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article imageQ&A: Zombie malware is the next big cybersecurity risk Special

By Tim Sandle     Dec 17, 2019 in Technology
There are various forms of malware attacks and the latest to be concerned about is so-called ‘zombie malware’, a type of malware that transforms a computer into a slave so that attacks can be performed remotely.
Zombie malware attacks are compromising large amounts of users and leaving IT security and operations at odds as everyone scrambles for a cure. The answer may seem simple: stop the affected software from running. But, IT teams use this software to maintain the machines in their care.
The actual answer? Prevention. Sumir Karayi, CEO of 1E, an endpoint management platform, tells Digital Journal eliminating the risk of zombie malware attacks and the power of real-time IT when breaches occur.
Digital Journal: How serious are cyberattacks becoming?
Sumir Karayi: Cyberattacks are a serious threat to businesses, costing some $45 billion in losses worldwide last year, not to mention the damage caused by having trade secrets, IP and PII data stolen. This is compounded by the fact that producing malware is ridiculously cheap—anywhere from a few hundred dollars to just $1,000 for ransomware. This low barrier to entry amplifies the threat, allowing malware to proliferate quickly and easily.
With those numbers, it’s easy to see why almost 60% of companies have experienced some form of cyberattack. Small businesses are especially vulnerable, because many don’t have the resources to invest in sophisticated protection.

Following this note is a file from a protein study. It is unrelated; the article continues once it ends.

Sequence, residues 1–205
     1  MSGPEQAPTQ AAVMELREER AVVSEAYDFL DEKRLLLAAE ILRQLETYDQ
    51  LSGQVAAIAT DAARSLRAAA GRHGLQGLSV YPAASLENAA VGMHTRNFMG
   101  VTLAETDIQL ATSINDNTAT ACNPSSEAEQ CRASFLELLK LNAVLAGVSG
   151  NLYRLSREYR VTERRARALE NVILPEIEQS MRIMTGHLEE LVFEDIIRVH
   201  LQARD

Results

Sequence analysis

DJ: What is a zombie malware attack and how does it differ from other forms of cyberattack?
Karayi: Zombie malware is a variation that turns a compromised computer into a “slave” device, using it to perform malicious tasks remotely. For example, a hacker might infect a machine with a malicious zombie script that causes it to distribute additional malware to other machines both inside and outside the network.
LOLBAS are one particular type of variant that can wreak tremendous havoc. These Living Off the Land Binaries and Scripts can take control of “good” software, such as PowerShell, Command Prompt, or Remote Desktop Protocol (RDP) to perform malicious tasks. Nodersock/Divergent is one recent example that used a multi-stage process that leveraged PowerShell to disable Windows Defender and Windows Update and elevate the malware’s permissions to SYSTEM level. Once in, the hackers could use this privilege and access to perform insidious tasks or deploy secondary malware. This obviously had disastrous consequences for thousands of machines around the world.
There are two serious problem with LOLBAS and Zombie variants that make them so dangerous:
They commandeer otherwise beneficial tools that are critical for IT admin and maintenance. IT relies on tools like PowerShell, Command Prompt and RDP to perform necessary tasks and customizations. This creates a massive attack surface because these are so widely used. Hackers know this, and therein lies their advantage: they can count on these tools being readily available for hijacking.
They can sit quietly on a machine to do things slowly and methodically without detection. Zombie malware is a bit like a cold or flu virus compared to something like Ebola. Where Ebola is extremely virulent and lethal, its victims are quickly quarantined and isolated to halt propagation. This is what happened with WannaCry or NotPetya—it was so obvious and destructive, companies were able to stop it relatively quickly. But the common cold or influenza are less aggressive up front, people walk around infected with them and they are easily spread to far more people as a result. This stealth is exactly how Zombie and LOLBAS are able to propagate.